Tuesday, January 11, 2011

Believing What We Want to Believe

Christians have been accused of merely believing what we want to believe.  To test this out, let's do a thought experiment.  Imagine the average person on the street.  Now consider if that person really wants to believe there is a just God who has laid down strict rules that they are expected to obey.  Further, if they desire to believe that if they fail to obey these rules they will be tormented in a hell of eternal fire forever and ever. Now picture them wanting to conclude that there is no way they can live up to God's standards and their only hope is to humble themselves and throw themselves upon the mercy of the judge and trust totally in the work of another to deliver them.  Then imagine that they want to believe that having trusted God for deliverance, they can no longer live their lives for themselves, but for the God who rescued them.  Do you find this hard to believe? I do.

Having been an agnostic and looked at the issue from both sides, I think a much better case could be made for someone not believing in God because it is what they want to believe.  But I am not going to make that case, because I think this whole line of argumentation is bogus from the beginning.  Trying to argue against an opponent by attributing to them ulterior motives for holding what they believe is just a subtle form of mud-slinging and leaves the issue in question right where it was. Almost anyone can come up with some hidden motive for the other person believing something, all the while leaving the only real issue, whether what they believe is true, unaddressed.  It is a red herring that allows someone to assume their point is proven without ever proving it.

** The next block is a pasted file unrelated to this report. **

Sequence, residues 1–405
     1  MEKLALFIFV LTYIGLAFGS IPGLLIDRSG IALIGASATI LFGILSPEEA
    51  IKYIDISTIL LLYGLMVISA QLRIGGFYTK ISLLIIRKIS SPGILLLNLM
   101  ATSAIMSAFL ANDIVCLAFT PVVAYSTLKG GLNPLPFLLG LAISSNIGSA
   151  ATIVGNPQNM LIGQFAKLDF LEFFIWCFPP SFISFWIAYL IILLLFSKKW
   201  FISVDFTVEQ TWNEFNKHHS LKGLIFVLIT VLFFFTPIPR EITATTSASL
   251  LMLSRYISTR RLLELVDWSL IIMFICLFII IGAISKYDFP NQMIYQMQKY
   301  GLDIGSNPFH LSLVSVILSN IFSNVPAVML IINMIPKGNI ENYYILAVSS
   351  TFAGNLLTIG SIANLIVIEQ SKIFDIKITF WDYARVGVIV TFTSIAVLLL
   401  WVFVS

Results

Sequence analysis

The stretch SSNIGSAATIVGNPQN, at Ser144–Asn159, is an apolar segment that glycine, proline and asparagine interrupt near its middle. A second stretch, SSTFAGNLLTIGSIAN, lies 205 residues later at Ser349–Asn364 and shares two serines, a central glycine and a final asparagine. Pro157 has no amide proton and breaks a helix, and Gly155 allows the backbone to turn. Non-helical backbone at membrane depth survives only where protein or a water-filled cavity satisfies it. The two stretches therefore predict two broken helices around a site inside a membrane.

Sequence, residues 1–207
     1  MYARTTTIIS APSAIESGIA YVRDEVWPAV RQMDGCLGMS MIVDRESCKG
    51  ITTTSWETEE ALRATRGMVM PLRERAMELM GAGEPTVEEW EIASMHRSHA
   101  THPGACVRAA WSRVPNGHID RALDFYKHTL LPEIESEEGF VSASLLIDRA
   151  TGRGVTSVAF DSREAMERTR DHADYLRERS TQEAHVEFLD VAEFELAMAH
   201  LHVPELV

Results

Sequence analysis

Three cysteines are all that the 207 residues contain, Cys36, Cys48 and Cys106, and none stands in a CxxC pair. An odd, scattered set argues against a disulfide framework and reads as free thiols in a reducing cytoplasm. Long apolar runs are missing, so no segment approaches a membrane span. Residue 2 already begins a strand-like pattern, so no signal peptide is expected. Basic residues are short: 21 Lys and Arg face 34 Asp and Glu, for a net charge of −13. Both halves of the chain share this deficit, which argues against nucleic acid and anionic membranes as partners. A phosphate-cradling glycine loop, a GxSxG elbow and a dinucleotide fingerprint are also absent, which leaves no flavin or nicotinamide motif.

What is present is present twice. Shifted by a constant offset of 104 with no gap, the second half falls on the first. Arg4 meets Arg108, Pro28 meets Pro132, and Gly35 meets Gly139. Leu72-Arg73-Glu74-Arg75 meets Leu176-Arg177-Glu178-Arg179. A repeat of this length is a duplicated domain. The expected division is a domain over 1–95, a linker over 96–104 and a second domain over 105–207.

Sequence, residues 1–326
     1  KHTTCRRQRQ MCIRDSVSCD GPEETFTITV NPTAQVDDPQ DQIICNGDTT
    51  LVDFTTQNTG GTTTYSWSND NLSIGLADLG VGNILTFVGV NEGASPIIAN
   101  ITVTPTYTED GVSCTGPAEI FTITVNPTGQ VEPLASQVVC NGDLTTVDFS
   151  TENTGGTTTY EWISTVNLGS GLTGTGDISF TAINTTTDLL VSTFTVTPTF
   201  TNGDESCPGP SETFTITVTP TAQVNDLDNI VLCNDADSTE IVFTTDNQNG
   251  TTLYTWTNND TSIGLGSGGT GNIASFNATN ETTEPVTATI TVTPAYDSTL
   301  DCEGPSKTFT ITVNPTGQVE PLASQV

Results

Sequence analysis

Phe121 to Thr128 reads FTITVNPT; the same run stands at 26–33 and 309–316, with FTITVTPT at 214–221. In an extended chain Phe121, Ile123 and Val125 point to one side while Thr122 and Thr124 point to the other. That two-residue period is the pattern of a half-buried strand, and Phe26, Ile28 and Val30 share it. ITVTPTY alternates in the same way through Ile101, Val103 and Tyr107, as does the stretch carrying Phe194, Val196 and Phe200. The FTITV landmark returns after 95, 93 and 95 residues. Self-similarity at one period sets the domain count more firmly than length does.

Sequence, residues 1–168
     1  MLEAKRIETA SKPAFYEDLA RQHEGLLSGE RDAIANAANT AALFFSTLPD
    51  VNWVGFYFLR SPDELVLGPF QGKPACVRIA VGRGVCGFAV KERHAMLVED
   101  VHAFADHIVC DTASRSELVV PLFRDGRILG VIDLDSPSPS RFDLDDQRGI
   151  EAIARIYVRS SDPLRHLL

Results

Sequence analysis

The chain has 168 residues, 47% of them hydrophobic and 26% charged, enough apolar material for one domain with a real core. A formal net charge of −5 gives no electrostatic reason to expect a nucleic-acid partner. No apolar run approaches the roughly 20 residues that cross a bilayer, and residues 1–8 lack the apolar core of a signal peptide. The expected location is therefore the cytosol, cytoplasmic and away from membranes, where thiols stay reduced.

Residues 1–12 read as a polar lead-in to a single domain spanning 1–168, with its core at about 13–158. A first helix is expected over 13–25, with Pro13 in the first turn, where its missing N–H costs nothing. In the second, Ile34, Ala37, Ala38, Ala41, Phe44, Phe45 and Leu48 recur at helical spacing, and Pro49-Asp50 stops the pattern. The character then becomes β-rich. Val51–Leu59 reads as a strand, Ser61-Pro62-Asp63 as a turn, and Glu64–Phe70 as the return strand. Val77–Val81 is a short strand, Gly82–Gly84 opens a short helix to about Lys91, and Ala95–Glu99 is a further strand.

Further, as C. S. Lewis points out, some of the things we want to believe must be true.  It is impossible to create a universe that contradicts what everyone wants to believe at every moment. Also, could it not be that one reason we want to believe something is because it is true and therefore gives us some useful benefit? If I believe it is desirable to eat chocolate, could it not be because I have eaten chocolate in the past and have concluded it really does taste good?  Certainly a person may believe something that is false because for some reason they want it to be true.  But until you have adequately proven the position false by the evidence, you  have no basis for concluding that. And if you attribute all behavior purely to people believing what they want to believe, then all knowledge is suspect and we cannot know anything. This is a self-defeating position.

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